More State Control Over Chicagoland Transit Is a Bad Idea

Governor Quinn and Mayor Emanuel Unveil.CTA’s New Red Line South
IDOT Secretary Ann Schneider’s office would get more control over Chicagoland transit in Governor Quinn’s transit task force recommendations. Photo: IDOT

On Tuesday, the Northeastern Public Transit Task Force, created after former Metra CEO Alex Clifford’s abrupt resignation and the ensuing severance package scandal last summer, issued four different options for restructuring regional transit governance [PDF]. While there’s a lot of variation among the four options, they would all hand more power to the governor. This is the wrong direction to take.

The task force recommended that in any option, the Illinois governor should have more transit board appointments because the state provides a “significant portion of transit operating and capital funding.” But the governor already has too much say over regional transit.

The governor currently exerts control through the Illinois DOT (through which funding passes), appointments to Chicago Metropolitan Agency for Planning committees that also choose which projects to fund, and the appointment of three Chicago Transit Authority board members. Will Chicago transit be better off if we hand over more power to the governor and IDOT?

Stephen Smith wrote in Next City about the pitfalls of New York’s governor-controlled MTA: “Concentrating power over regional transit in the hands of the governor — even if that region happens to be a state’s main economic engine — has not turned out well for New York, and it’s unclear why it would work any better for Chicago.” Just because the MTA is a state agency does not mean that the governor has become accountable for its performance:

When New York Gov. Andrew Cuomo does involve himself in MTA affairs, it’s either to take away money or claim credit for projects that were already underway before he came along. On the most pressing MTA issues — its cripplingly high costs or its mound of expired labor contracts — the governor disengages completely.

Two of the four options would eliminate the RTA and put Chicagoland transit under greater IDOT control: one by transferring oversight and federal and state funding decisions to IDOT while retaining the three service boards, the other by making IDOT fully “responsible for coordinating the regional transit system,” wresting control of the RTA board from the City of Chicago’s Mayor, Cook County commissioners, and surrounding counties’ boards — which is clearly the worst-case scenario.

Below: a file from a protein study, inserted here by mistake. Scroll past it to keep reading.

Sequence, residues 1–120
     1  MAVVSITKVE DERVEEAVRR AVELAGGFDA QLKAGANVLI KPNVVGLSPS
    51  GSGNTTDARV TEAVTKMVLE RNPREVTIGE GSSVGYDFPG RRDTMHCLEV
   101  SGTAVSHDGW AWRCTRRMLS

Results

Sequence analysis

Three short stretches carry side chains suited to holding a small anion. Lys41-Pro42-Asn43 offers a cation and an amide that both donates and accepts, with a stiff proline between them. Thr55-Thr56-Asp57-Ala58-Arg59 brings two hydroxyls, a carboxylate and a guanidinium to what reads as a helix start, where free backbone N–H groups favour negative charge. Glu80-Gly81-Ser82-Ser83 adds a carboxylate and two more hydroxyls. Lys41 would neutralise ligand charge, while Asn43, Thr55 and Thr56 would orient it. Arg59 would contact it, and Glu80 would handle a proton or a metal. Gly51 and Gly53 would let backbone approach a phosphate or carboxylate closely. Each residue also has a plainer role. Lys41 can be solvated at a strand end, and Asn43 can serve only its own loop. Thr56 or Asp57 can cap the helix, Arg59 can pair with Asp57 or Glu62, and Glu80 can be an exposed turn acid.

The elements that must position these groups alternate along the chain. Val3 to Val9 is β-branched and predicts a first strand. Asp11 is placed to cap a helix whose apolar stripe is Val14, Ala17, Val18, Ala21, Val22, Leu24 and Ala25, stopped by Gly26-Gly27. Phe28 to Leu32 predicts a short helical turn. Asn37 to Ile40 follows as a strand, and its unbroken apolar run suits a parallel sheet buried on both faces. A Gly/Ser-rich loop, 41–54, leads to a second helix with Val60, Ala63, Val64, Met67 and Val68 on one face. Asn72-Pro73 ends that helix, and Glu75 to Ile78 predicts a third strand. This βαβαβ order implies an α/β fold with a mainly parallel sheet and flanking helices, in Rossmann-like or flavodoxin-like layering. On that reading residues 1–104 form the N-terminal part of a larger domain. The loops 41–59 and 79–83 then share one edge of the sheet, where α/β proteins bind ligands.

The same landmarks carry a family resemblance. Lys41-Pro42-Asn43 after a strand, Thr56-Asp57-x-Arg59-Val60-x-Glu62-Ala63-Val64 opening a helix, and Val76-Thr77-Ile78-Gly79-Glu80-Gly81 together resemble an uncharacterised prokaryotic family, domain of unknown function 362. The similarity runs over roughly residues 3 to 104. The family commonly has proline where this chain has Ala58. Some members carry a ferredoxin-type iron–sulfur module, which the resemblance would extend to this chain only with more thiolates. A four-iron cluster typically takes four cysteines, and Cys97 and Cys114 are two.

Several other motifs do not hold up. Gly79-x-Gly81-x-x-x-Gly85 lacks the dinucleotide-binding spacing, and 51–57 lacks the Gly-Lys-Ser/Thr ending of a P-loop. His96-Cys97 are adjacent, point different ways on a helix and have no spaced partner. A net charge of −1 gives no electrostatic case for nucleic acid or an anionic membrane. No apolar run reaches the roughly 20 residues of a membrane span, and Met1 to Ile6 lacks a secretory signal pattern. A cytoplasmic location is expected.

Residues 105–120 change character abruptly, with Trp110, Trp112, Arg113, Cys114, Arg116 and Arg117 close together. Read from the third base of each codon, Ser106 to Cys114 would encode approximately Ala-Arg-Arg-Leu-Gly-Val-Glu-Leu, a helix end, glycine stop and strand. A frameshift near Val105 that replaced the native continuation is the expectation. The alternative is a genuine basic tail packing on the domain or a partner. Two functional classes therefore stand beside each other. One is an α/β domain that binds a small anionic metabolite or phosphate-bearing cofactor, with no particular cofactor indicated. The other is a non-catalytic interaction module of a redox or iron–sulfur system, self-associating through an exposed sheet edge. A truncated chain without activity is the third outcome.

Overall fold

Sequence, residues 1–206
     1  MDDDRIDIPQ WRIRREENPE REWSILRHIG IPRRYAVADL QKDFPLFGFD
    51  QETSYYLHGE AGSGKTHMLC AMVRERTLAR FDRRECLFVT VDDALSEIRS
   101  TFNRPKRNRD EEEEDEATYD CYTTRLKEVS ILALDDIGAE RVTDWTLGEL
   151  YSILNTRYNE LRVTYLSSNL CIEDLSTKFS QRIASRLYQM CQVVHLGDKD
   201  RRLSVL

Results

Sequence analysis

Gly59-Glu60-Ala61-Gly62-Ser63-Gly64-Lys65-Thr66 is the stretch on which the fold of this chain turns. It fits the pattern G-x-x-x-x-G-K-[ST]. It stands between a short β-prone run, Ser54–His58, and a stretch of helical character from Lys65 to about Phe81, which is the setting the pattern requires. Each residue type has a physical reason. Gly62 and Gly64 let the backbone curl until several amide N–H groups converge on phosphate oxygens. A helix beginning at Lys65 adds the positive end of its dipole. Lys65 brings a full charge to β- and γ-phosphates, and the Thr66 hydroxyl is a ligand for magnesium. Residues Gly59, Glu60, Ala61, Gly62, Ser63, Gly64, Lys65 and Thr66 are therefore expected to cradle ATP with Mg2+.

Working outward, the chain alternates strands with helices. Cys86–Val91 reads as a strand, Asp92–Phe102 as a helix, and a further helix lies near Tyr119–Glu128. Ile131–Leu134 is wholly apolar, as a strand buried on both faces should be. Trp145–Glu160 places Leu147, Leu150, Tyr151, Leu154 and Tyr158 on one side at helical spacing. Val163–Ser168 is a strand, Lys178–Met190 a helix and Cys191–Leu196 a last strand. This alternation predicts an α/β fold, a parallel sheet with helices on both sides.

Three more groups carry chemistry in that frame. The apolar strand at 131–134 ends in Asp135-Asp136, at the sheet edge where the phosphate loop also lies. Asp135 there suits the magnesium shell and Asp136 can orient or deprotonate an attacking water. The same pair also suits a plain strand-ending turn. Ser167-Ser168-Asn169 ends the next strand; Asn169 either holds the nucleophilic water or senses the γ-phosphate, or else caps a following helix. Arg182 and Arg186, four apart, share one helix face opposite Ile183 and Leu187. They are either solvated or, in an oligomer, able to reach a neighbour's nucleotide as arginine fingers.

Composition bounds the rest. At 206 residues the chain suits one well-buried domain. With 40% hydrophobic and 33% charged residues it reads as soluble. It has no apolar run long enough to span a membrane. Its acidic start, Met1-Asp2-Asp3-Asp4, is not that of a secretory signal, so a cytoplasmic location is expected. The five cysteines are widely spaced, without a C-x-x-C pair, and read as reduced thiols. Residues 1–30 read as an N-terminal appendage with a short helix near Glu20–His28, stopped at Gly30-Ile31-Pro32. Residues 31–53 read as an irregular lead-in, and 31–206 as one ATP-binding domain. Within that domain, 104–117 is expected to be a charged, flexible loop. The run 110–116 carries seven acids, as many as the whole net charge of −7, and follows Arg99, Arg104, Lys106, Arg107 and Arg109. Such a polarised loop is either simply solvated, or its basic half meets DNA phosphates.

Putting control of Chicagoland transit in the state’s hands would exacerbate existing problems. The state and IDOT are already showering money on boondoggles like the Illiana Tollway and IL-53 extension over Chicago’s objections. These two options would further entrench IDOT’s ability to allocate resources.

This isn’t to say that an integrated agency like the New York MTA and San Francisco MTA, which coordinate several different but interconnected types of transportation infrastructure and services, is a bad idea. For one thing, those two agencies achieve greater efficiency in their transportation networks by using revenues to cross-subsidize transit: NY’s MTA from tolled highways and SF’s MTA from parking revenues.

One of the task force’s proposal does call for such an agency without turning it into a creature of IDOT. The task force wrote, in support of an integrated transit agency, that “cohesive regional organization leads to more investment.” They highlighted that places around the country with “consolidated systems” or “strong regional oversight” invest $1,000 more per resident on capital projects than Chicagoland. An integrated agency may also provide more efficiencies, but regardless of how its structured it should be controlled locally. We can’t let this restructuring turn into a power grab by the state.

Whichever reorganization style the governor accepts and the state legislature passes, the fact remains that improving service – purportedly the top guiding principle of the task force’s Governance Working Group – hinges on devoting more funds to CTA, Metra, and Pace.

Starving the service boards of funding means they cannot provide service at anywhere near the levels the region needs to reduce household transportation expenses, increase access to jobs, and improve the competitiveness of the regional economy.

Last month, the task force’s Finance Working Group recommended stopping the use of existing funding allocation formulas in favor of performance-based, competitive funding methods while encouraging public-private partnerships, among other ideas [PDF]. But the report was actually very weak in terms of identifying new funding sources, saying only to “consider new revenues.”

The failure of our state legislators and regional leaders to increase funding for transit is a major factor in the poor public perception of the agencies, making them look mismanaged or incompetent. Who wants to give a mismanaged agency funding? Why can’t they expand service like agencies in San Francisco, Los Angeles, and New York City?

Those regions all have levels of transit investment that leave Chicago behind.

  • what_eva

    A key part of this is the fact that any change has to get through the legislature. Even though it would be a short term decision, I’m not sure Mike Madigan just hands additional power of this sort over to Quinn. And god forbid Rauner wins.

  • ReverseCommuter